1. Amazon Prime, I Heart You

    I’m not much of a stock-watcher these days, but I’ve seen a great deal of chatter on the internet regarding Amazon’s latest quarterly report. Their stock (ticker: AMZN) blew out the roof upon announcement of Amazon’s apparently-fabulous earnings, and rose about 15 percent on Friday. Yay for AMZN longs, I guess, and “ouch” for AMZN shorts. (I am not a knowing holder of AMZN, though the funds my family owns may or may not own AMZN.)

    This gives me an opportunity to talk about not AMZN, the stock, but Amazon, the company. And it’s something Amazon-related which I think I’ve overlooked to this point:

    My household hearts Amazon Prime.

    I love Amazon Prime. My wife loves Amazon Prime. I would contend that the $79/year which Prime costs us is possibly the best $79 I spend each year, when looked at from a “No, really, I’m happy to spend it!” angle.

    It isn’t the availability of streaming movies which delights us, as we’re not big movie-watchers. And we haven’t taken advantage of the Kindle e-book borrowing services which Amazon recently unleashed. Yes, both of those services are fine and dandy. But for us, it’s all about the unlimited two-day shipping.

    Put simply: Short of groceries and clothing, there’s very little that I can’t find a better-than-anywhere-else price on when it’s on Amazon. And as long as it’s something we don’t need right now, you can bet Amazon will get our money.

    But But But Local and B&M Businesses Are Suffering!

    Does my buying of PC components, Elixir electric-guitar strings, and damn near all books on Amazon mean that my local, bricks-and-mortar retailers lose business and/or “suffer?”

    Absolutely it does.

    Do I really care?

    Most of the time, no.

    The way I see it, the local and bricks/mortar retailers could’ve targeted the internet shopper the way Amazon did, back in the day. But they elected not to do so. Amazon did what it did, and bricks/mortar did what it did. One team won, and one team lost.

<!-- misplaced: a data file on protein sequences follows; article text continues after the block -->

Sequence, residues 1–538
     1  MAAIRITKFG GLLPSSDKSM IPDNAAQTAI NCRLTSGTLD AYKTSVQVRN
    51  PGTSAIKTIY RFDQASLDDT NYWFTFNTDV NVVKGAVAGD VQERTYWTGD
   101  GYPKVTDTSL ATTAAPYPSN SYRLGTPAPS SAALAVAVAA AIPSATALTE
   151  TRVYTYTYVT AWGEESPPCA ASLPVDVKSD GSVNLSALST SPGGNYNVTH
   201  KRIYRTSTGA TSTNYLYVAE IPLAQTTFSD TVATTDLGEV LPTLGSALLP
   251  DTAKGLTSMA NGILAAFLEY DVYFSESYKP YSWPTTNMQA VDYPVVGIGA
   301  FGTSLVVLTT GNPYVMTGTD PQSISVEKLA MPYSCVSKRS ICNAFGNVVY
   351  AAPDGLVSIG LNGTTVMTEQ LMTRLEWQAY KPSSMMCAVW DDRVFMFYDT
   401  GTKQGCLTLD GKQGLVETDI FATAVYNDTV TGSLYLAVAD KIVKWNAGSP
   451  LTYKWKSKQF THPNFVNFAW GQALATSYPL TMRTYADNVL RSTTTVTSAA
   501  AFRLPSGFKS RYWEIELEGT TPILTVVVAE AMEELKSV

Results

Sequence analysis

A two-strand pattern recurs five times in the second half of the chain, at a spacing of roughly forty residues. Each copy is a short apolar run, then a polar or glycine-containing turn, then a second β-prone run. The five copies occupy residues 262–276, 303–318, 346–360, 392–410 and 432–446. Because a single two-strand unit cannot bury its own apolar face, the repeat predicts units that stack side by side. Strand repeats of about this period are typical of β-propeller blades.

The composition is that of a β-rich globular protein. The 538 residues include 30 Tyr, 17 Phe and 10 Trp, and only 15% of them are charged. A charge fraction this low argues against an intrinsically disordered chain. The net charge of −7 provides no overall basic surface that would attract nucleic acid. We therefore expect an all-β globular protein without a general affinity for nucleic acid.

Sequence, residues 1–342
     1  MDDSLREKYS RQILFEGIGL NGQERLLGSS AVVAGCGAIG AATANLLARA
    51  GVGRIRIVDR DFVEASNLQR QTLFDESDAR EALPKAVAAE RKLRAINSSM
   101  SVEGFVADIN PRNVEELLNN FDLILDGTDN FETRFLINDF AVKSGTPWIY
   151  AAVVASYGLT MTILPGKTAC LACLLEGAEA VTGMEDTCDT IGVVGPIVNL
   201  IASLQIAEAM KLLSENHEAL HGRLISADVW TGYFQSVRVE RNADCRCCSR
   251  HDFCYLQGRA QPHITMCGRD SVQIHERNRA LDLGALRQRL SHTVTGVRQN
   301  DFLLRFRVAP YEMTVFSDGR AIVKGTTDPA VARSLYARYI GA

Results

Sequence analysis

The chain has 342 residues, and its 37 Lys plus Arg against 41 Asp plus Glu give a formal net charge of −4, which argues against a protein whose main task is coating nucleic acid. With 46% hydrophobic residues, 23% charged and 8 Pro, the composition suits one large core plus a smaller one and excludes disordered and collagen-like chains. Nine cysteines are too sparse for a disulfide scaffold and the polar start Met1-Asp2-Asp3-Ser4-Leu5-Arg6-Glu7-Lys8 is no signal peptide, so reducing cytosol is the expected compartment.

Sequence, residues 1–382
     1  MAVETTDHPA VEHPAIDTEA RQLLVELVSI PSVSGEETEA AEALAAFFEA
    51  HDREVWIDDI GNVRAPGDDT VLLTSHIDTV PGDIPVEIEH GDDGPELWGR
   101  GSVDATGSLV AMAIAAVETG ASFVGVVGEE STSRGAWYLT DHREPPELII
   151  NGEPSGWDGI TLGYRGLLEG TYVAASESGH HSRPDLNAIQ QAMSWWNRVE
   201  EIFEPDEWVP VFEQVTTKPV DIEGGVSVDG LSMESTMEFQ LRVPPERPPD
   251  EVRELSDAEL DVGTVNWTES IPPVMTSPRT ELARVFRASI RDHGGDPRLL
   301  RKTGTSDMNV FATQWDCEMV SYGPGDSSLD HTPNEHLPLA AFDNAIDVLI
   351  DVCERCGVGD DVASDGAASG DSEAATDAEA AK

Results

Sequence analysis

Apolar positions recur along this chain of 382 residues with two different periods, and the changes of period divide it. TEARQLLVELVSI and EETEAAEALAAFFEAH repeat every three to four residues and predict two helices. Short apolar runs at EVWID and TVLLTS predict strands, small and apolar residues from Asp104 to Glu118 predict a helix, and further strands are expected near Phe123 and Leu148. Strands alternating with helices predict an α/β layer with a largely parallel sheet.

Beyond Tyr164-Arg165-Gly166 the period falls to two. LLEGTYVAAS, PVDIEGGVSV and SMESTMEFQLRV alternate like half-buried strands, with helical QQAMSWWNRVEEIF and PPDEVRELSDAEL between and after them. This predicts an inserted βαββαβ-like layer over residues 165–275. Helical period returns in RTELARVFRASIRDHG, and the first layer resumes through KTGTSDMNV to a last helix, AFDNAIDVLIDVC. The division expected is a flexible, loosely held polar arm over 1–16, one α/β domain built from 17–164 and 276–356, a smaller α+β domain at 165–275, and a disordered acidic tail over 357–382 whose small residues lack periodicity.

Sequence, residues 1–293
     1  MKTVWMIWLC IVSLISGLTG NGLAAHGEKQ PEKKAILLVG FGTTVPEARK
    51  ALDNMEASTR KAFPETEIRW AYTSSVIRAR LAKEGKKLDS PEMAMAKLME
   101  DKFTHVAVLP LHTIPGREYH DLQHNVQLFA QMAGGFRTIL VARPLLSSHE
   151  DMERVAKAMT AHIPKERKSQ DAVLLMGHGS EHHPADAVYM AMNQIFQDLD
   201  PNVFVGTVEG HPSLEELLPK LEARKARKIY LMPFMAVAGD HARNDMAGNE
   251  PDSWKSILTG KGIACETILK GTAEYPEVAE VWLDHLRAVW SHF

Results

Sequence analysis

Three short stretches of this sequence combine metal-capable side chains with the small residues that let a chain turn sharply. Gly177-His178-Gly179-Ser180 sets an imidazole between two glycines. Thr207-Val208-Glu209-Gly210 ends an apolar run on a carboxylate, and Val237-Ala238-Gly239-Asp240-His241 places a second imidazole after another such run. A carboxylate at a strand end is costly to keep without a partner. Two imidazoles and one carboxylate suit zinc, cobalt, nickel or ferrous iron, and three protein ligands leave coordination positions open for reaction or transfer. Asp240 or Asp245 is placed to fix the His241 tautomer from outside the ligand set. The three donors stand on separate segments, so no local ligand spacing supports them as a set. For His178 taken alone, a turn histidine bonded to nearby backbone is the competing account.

Take, for instance, Best Buy. Lisa and I used to really enjoy visiting Best Buy. And we bought a fair amount of stuff from them over the years. But these days, it’s my opinion that Best Buy is nothing more than Amazon’s showroom, and a sparse, poorly-employed one at that. Something tells me that I’m not alone in this view.

    Could I get strings and such for my Gibson Les Paul at a local music store? Sure I could. Would I pay roughly 40 percent more for them if I did this, rather than buy through Amazon? Yes. Yes I would. If I needed new strings right the heck now, then spending locally is what I’d do. Otherwise, no. Amazon gets our cash. And we get our stuff in a couple of days, tops.

    Amazon Prime: Our Selling Points

    Amazon Prime, how I love thee? Let me count the ways. Amazon Prime …

    1. Saves us gas money, as we don’t make special trips to buy this stuff. Nor do we have to drive around OKC or Dallas trying to find a retailer who has what we want in stock.
    2. Saves time, for same reasons as above.
    3. Saves headaches, as we don’t have to wait in line to buy what we need. (As a grumpy parent, I now officially hate standing in line to spend money.)